Business / Companies

Milk firm plans to revolutionize dairy sector

By Cecily Liu in London (China Daily) Updated: 2014-11-17 07:51

Milk firm plans to revolutionize dairy sector

The Netherlands' Royal FrieslandCampina hopes to revolutionize China's dairy production industry as it seeks to significantly upgrade its presence in China through a joint venture with dairy company Huishan. [Cecily Liu / China Daily]

Royal FrieslandCampina bets big on 'grass to glass' approach in China

The biggest dairy company in the Netherlands says it hopes to revolutionize China's dairy production industry with its "grass to glass" approach.

"The Chinese market is very important to us," says Chief Executive Officer of Royal FrieslandCampina, Cees't Hart. "We are aiming for $1.26 billion of sales in China."

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The company is well established and is now taking a different approach to the market through a joint venture, Hart says.

The 135-year-old company has grown through mergers and acquisitions, and its present incarnation is the result of a merger of Royal Friesland Foods and Campina in December 2008.

It had revenue of 11.4 billion euros ($14.25 billion) last year.

FrieslandCampina, which has marketed its products in China since 1992, strengthened its presence in the country in 2008 through a Shanghai subsidiary. It now wants to significantly upgrade its presence through a joint venture with the Chinese dairy company Huishan.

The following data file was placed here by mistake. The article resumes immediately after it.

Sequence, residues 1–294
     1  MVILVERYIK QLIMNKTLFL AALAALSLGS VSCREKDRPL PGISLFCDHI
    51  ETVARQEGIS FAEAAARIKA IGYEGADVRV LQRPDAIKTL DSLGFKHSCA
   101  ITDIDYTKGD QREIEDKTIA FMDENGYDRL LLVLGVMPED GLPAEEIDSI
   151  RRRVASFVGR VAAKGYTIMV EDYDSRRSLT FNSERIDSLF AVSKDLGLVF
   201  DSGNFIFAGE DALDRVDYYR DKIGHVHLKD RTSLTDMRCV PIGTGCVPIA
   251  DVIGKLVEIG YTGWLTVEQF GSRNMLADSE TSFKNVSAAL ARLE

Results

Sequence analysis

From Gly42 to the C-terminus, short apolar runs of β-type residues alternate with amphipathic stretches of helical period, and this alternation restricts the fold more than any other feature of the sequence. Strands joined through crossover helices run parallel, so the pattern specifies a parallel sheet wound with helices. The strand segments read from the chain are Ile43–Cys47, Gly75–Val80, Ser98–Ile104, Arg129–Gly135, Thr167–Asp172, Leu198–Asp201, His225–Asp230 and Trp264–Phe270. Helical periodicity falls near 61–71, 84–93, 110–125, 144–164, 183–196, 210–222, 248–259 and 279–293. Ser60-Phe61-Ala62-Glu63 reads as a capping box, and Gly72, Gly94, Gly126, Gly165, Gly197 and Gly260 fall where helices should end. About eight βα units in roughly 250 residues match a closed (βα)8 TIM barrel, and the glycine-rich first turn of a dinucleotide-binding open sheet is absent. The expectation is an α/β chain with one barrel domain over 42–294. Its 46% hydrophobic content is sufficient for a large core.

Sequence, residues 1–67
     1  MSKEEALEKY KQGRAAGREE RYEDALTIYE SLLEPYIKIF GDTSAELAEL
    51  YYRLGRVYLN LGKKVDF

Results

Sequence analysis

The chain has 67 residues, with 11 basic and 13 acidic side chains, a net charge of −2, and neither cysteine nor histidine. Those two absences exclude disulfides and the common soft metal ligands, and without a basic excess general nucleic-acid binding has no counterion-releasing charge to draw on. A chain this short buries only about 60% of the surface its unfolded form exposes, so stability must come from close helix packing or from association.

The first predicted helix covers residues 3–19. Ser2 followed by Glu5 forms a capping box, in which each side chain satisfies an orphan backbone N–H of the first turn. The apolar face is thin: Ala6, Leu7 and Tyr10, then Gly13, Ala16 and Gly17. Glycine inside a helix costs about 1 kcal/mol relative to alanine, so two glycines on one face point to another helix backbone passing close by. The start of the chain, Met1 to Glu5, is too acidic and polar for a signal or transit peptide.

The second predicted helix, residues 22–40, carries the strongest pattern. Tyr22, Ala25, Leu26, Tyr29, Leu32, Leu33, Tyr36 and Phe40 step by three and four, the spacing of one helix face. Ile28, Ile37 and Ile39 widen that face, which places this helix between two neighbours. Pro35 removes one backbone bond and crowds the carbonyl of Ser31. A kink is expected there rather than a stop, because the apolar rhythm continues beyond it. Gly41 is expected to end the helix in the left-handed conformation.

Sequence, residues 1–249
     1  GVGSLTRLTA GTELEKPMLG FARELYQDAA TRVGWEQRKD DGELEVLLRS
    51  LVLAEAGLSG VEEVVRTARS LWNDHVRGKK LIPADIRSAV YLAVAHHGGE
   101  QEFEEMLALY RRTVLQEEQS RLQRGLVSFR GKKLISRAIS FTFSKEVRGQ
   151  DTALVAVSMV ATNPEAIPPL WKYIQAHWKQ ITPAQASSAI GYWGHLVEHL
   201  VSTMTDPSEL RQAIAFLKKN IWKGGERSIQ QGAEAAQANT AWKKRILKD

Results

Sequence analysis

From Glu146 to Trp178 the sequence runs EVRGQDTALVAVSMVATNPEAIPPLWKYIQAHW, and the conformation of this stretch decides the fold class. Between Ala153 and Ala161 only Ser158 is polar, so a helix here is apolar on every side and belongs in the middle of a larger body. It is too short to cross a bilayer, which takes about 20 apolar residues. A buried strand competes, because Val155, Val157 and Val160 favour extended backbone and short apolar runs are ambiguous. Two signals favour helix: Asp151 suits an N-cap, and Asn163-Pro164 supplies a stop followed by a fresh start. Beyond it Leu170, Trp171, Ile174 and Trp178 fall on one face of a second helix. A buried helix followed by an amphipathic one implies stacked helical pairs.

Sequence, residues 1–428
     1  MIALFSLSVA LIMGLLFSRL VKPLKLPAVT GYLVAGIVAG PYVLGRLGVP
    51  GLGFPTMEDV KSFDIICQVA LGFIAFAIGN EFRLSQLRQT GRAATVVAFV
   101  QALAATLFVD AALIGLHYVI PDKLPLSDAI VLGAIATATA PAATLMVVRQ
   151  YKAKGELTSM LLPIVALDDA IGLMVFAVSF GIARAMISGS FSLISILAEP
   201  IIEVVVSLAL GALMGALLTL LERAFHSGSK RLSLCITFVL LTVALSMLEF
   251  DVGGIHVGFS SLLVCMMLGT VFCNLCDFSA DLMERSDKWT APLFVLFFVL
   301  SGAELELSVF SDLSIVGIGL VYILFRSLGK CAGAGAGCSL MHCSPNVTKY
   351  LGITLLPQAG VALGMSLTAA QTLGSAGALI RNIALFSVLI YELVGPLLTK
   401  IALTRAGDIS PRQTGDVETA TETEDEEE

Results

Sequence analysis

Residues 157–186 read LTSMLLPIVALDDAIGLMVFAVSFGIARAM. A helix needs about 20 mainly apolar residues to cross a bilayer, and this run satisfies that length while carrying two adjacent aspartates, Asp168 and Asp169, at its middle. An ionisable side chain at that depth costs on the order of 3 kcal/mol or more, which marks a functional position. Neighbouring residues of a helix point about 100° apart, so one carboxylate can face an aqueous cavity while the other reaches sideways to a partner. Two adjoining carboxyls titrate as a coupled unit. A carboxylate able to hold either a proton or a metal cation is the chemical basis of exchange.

Discussions began this year, and it is expected that the new joint venture would produce, market and sell high-quality infant milk formula in China, and that the partners would operate an infant milk formula supply chain.

In addition, both companies would continue to run their existing infant milk formula businesses separately.

Under such a partnership, Huishan would provide high-quality raw milk from its dairy farms in China to the joint venture and the joint venture would produce and market infant milk formula.

Huishan, with headquarters in Liaoning province, has about 30,000 hectares of farmland for alfalfa and other feed crops, and operates more than 50 dairy farms housing China's largest Jersey cow herd and second-largest Holstein cow herd.

China's dairy product sector is rapidly growing. The industry and market research consultant Frost & Sullivan says that retail sales of liquid milk in China rose from 87 billion yuan ($14 billion) in 2008 to 144.8 billion yuan last year, with a compound annual rate of 10.7 percent

Sales of dairy products are expected to climb to $46.5 billion by 2016, up 66 percent from 2011, the market research firm Euromonitor International says.

However, one challenge facing the industry in China is a lack of consumer confidence in product safety. In 2008, six Chinese infants died and tens of thousands were hospitalized after drinking domestically produced milk powder contaminated by melamine.

FrieslandCampina hopes to introduce techniques that monitor the quality of milk at every stage of production, an approach known as "from grass to glass".

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